How do subsidies affect a supply curve?
Shifts in the supply curve
If the providers offer a higher quantity of the good at the same price, the aggregated supply curve in the graphic shifts to the right. In this way, the consumers could buy a higher quantity of the good at the same price (step 1).
However, the customers only want to buy the larger quantity offered at a lower price. The new equilibrium point G2 with the new equilibrium price P2 and the new equilibrium quantity M2 (step 2) is where the ideas of the supplier and the customer meet after the supply curve has been shifted to the right.
If the providers offer a smaller amount of the good at the same price, the supply curve in the graphic shifts to the left. As a result, the customer could only buy a smaller amount of the good at the same price (step 1).
Inquirers are willing to buy the smaller amount offered at a higher price. The new equilibrium point G3 with the new equilibrium price P3 and the new equilibrium quantity M3 (step 2) is where the ideas of the supplier and the customer meet after the supply curve has shifted to the left.
The processes described are adjustment processes taking place on the market. These can run in several steps, in some cases (e.g. on the foreign exchange market) even "excessively" and they take some time. The better the markets are organized, i.e. the more transparent the information about market developments is for the providers and the consumers, the faster the adjustment processes run.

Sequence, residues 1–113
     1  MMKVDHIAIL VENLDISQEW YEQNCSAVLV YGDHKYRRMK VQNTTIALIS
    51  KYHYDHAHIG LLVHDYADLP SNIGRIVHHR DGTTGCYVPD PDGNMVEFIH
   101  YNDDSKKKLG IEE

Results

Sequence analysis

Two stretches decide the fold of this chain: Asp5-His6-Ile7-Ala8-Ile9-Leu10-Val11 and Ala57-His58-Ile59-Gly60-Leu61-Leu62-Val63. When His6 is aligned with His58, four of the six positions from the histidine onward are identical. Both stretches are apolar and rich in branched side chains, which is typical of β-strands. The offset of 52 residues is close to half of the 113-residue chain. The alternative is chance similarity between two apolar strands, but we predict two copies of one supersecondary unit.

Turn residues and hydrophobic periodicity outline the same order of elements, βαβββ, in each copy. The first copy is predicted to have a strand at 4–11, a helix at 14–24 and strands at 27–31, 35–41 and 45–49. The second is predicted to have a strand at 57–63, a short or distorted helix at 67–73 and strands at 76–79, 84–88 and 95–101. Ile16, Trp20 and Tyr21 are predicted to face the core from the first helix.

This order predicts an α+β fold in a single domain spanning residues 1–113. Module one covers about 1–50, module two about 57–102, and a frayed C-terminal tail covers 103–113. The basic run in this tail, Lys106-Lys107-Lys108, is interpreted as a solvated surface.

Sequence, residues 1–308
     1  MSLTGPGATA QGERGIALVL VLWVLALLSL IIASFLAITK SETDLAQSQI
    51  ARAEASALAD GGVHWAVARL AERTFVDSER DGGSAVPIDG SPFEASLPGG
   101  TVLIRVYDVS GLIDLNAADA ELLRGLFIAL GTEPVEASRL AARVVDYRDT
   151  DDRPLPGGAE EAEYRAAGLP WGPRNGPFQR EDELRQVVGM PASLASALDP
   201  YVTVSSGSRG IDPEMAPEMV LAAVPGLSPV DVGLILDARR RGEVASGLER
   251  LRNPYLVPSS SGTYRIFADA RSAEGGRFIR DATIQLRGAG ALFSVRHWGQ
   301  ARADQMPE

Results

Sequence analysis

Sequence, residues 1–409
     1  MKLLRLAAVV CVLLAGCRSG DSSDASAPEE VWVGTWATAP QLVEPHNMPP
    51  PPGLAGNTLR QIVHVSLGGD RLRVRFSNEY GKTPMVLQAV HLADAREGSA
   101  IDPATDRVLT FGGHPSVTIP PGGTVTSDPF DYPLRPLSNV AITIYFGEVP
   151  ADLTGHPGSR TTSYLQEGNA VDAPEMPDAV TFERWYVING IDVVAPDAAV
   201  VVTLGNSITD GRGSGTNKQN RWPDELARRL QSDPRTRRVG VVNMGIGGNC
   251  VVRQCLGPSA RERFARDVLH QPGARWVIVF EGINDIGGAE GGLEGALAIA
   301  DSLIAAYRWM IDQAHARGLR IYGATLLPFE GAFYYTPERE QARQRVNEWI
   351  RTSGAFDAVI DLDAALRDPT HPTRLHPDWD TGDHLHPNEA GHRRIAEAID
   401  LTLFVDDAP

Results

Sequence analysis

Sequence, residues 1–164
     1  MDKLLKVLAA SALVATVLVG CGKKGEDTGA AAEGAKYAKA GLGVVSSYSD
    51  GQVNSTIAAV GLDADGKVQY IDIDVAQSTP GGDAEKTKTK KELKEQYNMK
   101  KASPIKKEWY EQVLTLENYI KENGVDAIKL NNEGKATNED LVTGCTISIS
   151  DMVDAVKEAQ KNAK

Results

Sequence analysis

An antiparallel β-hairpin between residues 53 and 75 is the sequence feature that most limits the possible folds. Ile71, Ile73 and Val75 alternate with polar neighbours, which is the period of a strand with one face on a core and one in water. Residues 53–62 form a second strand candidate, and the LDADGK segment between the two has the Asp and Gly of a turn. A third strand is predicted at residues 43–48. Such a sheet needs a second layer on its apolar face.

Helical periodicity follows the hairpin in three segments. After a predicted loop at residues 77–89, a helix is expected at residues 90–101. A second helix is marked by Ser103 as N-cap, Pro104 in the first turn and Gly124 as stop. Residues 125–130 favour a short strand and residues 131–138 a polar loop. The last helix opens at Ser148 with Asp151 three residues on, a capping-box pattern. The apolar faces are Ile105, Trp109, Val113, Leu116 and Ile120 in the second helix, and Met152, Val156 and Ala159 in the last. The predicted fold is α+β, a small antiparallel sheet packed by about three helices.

Adjustment processes almost always take place in the markets. It is they who open up new opportunities for suppliers and customers.
The providers could be induced to offer a higher offer at the same price by rationalizing their companies or by the necessity of having to orientate themselves towards a company with a high market share for reasons of competition. Marketing considerations based on expectations could also be the reason for such behavior. An example is the expectation that a new product, which could displace the old one, will come onto the market through a new domestic competitor or through import, and the marketing consideration that the old product will generate a lot of sales again in order to be able to use the " cash flow "(the cash receipts) to develop a new product as well.
Providers could be prompted to offer a lower offer at the same price, e.g. due to cost increases or pessimistic expectations.
The adjustment processes described take place at short notice. In the medium and long term, further adjustment processes are to be expected due to further shifts in the supply and demand curves, since the providers and the demanders adapt their operational possibilities or their purchase wishes to the changed situation after the short-term adjustment processes. The providers can, for example, rationalize and shift the supply curve back to the right (= down).
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